She found herself suspended between the day calling her and slumber beckoning — a gossamer midsummer dream so light, so airy, if she sighed too heavily she feared she might break the spell. So she leaned in to whisper just loud enough for her favorite pockets of the city to hear her utter, "Tell me another story." And the city obliged.
In case you've been finding yourself in a search of the right words to capture summer's magic, I've compiled some beautiful literary quotes all about the shortest and brightest season of them all. Hopefully, it helps you slow down to appreciate the days and weeks we have left, before September is on our doorstep.
1. "It was June, and the world smelled of roses. The sunshine was like powdered gold over the grassy hillside."
― Maud Hart Lovelace, Betsy-Tacy and Tib
2. "In the long dusks of summer we walked the suburban streets through scents of maple and cut grass, waiting for something to happen."
―Steven Millhauser, Dangerous Laughter
3. . "Everything good, everything magical happens between the months of June and August."
—Jenny Han, The Summer I Turned Pretty
4. "Now the windows, blinded by the glare of the empty square, had fallen asleep. The balconies declared their emptiness to heaven; the open doorways smelt of coolness and wine."
―Bruno Schulz, The Street of Crocodiles
5. "Life, now, was unfolding before me, constantly and visibly, like the flowers of summer that drop fanlike petals on eternal soil."
―Roman Payne, Rooftop Soliloquy
6. "Green was the silence, wet was the light,
the month of June trembled like a butterfly."
―Pablo Neruda, 100 Love Sonnets
7. "It was rapture enough just to sit there beside him in silence, alone in the summer night in the white splendor of moonshine, with the wind blowing down on them out of the pine woods."
―L.M. Montgomery, The Blue Castle
8. "The morning heat had already soaked through the walls, rising up from the floor like a ghost of summers past."
―Erik Tomblin, Riverside Blues
9. "Again and again, the cicada's untiring cry pierced the sultry summer air like a needle at work on thick cotton cloth."
―Yukio Mishima, Runaway Horses: The Sea of Fertility, 2
10. "The beauty of that June day was almost staggering. After the wet spring, everything that could turn green had outdone itself in greenness and everything that could even dream of blooming or blossoming was in bloom and blossom. The sunlight was a benediction. The breezes were so caressingly soft and intimate on the skin as to be embarrassing."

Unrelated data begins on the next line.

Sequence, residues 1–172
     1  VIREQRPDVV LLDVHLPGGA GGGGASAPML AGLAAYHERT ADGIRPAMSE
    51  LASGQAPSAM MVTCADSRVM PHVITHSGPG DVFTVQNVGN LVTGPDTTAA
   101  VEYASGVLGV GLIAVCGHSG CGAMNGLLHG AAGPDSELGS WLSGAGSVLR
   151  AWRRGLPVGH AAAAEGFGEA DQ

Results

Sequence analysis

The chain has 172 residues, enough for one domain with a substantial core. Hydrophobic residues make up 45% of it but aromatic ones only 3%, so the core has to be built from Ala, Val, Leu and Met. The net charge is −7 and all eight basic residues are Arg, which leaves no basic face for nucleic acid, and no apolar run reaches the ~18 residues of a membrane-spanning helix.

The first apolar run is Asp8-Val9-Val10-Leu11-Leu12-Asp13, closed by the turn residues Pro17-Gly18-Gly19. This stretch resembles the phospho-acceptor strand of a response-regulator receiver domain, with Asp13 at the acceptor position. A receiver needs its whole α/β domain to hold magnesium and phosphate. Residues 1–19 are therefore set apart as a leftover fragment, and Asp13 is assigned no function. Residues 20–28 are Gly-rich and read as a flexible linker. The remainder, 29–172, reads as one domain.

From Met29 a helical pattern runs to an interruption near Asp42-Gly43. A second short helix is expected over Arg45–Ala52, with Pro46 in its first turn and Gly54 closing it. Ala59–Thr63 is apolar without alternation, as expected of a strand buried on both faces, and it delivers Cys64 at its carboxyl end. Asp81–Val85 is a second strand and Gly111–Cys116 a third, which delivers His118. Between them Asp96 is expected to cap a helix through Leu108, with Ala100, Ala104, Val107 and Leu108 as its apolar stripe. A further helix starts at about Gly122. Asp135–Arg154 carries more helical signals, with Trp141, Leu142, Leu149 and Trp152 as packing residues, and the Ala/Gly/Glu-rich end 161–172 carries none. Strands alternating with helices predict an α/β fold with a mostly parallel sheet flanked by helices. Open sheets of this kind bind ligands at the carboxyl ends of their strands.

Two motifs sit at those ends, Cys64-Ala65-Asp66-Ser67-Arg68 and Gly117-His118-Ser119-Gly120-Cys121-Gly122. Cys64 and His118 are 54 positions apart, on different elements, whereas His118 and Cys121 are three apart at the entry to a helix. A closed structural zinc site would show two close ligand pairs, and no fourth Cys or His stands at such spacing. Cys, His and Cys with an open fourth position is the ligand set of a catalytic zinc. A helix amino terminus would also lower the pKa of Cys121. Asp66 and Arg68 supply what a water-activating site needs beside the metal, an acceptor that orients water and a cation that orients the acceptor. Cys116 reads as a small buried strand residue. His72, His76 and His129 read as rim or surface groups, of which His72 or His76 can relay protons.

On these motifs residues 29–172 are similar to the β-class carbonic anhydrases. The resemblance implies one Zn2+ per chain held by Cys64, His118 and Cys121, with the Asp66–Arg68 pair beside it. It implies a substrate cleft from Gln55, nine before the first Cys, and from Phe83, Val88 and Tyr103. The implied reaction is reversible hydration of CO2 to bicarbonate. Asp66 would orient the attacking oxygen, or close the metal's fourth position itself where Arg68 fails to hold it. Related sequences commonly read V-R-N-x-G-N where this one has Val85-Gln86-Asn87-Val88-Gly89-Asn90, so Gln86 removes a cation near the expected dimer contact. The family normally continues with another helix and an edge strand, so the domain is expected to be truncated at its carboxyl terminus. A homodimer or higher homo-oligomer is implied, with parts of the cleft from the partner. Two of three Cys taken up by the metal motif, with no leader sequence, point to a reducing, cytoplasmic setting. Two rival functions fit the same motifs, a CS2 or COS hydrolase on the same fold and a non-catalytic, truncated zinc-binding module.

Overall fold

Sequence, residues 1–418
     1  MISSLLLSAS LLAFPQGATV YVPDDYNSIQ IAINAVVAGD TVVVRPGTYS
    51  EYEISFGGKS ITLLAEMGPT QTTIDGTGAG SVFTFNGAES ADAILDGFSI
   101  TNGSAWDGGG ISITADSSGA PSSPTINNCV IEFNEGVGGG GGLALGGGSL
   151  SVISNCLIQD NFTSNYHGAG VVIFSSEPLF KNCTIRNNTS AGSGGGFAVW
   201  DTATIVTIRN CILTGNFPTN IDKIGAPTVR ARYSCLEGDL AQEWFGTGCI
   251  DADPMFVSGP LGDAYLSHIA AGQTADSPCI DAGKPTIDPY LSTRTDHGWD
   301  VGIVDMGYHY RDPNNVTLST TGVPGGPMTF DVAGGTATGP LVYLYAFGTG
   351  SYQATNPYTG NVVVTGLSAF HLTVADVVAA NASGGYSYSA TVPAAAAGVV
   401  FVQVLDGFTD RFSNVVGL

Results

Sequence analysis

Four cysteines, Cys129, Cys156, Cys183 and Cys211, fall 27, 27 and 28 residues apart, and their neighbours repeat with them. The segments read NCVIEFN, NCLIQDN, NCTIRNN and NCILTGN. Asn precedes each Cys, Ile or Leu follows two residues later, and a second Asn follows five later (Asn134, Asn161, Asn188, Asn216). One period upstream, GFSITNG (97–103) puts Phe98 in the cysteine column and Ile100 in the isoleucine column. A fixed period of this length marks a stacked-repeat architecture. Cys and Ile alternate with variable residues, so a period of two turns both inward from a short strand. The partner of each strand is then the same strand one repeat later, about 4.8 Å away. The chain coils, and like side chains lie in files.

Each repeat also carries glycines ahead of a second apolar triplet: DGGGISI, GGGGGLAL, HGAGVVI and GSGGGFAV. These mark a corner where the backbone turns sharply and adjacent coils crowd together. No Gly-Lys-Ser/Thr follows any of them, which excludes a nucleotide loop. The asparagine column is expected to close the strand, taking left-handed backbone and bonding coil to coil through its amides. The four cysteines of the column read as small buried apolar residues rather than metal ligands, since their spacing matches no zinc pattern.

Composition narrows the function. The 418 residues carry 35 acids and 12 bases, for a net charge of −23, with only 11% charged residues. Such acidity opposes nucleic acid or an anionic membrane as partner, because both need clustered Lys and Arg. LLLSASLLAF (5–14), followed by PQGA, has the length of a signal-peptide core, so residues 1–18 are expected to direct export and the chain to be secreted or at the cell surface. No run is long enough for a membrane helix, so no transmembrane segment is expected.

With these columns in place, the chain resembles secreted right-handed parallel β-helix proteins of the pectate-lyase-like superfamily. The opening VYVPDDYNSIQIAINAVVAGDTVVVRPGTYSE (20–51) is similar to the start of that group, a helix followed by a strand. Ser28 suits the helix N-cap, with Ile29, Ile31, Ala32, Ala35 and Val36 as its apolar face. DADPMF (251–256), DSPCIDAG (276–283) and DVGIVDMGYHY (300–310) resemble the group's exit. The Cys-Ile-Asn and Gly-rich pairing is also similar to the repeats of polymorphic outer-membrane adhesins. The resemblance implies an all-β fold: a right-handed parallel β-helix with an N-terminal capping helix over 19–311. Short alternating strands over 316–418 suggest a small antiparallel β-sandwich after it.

―Dan Simmons, Drood
11. "Summertime. It was a song. It was a season. I wondered if that season would ever live inside of me."
—Benjamin Alire Sáenz, Last Night I Sang to the Monster
12. "Summer bachelors like summer breezes, are never as cool as they pretend to be."
13. "The summer night is like a perfection of thought."
14. "Rest is not idleness, and to lie sometimes on the grass on a summer day listening to the murmur of water, or watching the clouds float across the sky, is hardly a waste of time."
15. "What good is the warmth of summer, without the cold of winter to give it sweetness."
—John Steinbeck, Travels with Charley: In Search of America
16. "A life without love is like a year without summer."
17. "Spring has many American faces. There are cities where it will come and go in a day and counties where it hangs around and never quite gets there. Summer is drawn blinds in Louisiana, long winds in Wyoming, shade of elms and maples in New England."
18. "The first week of August hangs at the very top of summer, the top of the live-long year, like the highest seat of a Ferris wheel when it pauses in its turning. The weeks that come before are only a climb from balmy spring, and those that follow a drop to the chill of autumn, but the first week of August is motionless, and hot. It is curiously silent, too, with blank white dawns and glaring noons, and sunsets smeared with too much color."
—Natalie Babbitt, Tuck Everlasting
19. "To plant a garden is to believe in tomorrow."
20. "To see the summer sky is poetry, though never in a book it lie – true poems flee."
– Emily Dickinson